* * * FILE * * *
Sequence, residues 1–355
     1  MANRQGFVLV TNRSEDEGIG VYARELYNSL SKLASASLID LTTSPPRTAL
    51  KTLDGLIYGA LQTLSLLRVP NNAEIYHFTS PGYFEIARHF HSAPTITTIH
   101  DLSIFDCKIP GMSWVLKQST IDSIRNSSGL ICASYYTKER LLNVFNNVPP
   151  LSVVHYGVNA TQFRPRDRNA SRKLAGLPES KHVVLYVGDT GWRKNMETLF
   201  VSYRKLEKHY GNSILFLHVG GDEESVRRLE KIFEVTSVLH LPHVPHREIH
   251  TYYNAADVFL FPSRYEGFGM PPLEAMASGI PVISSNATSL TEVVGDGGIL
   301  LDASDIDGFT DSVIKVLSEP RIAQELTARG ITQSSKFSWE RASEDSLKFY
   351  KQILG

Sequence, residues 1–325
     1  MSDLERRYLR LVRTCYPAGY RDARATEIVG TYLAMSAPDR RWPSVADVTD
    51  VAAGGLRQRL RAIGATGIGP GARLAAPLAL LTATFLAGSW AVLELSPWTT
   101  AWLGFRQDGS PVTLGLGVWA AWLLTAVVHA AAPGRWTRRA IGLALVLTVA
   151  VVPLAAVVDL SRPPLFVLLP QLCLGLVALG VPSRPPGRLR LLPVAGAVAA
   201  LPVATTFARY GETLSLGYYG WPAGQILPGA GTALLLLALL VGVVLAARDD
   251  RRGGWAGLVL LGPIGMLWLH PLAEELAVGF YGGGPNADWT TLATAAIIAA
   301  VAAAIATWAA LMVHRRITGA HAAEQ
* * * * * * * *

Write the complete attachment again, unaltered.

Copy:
Sequence, residues 1–355
     1  MANRQGFVLV TNRSEDEGIG VYARELYNSL SKLASASLID LTTSPPRTAL
    51  KTLDGLIYGA LQTLSLLRVP NNAEIYHFTS PGYFEIARHF HSAPTITTIH
   101  DLSIFDCKIP GMSWVLKQST IDSIRNSSGL ICASYYTKER LLNVFNNVPP
   151  LSVVHYGVNA TQFRPRDRNA SRKLAGLPES KHVVLYVGDT GWRKNMETLF
   201  VSYRKLEKHY GNSILFLHVG GDEESVRRLE KIFEVTSVLH LPHVPHREIH
   251  TYYNAADVFL FPSRYEGFGM PPLEAMASGI PVISSNATSL TEVVGDGGIL
   301  LDASDIDGFT DSVIKVLSEP RIAQELTARG ITQSSKFSWE RASEDSLKFY
   351  KQILG

Sequence, residues 1–325
     1  MSDLERRYLR LVRTCYPAGY RDARATEIVG TYLAMSAPDR RWPSVADVTD
    51  VAAGGLRQRL RAIGATGIGP GARLAAPLAL LTATFLAGSW AVLELSPWTT
   101  AWLGFRQDGS PVTLGLGVWA AWLLTAVVHA AAPGRWTRRA IGLALVLTVA
   151  VVPLAAVVDL SRPPLFVLLP QLCLGLVALG VPSRPPGRLR LLPVAGAVAA
   201  LPVATTFARY GETLSLGYYG WPAGQILPGA GTALLLLALL VGVVLAARDD
   251  RRGGWAGLVL LGPIGMLWLH PLAEELAVGF YGGGPNADWT TLATAAIIAA
   301  VAAAIATWAA LMVHRRITGA HAAEQ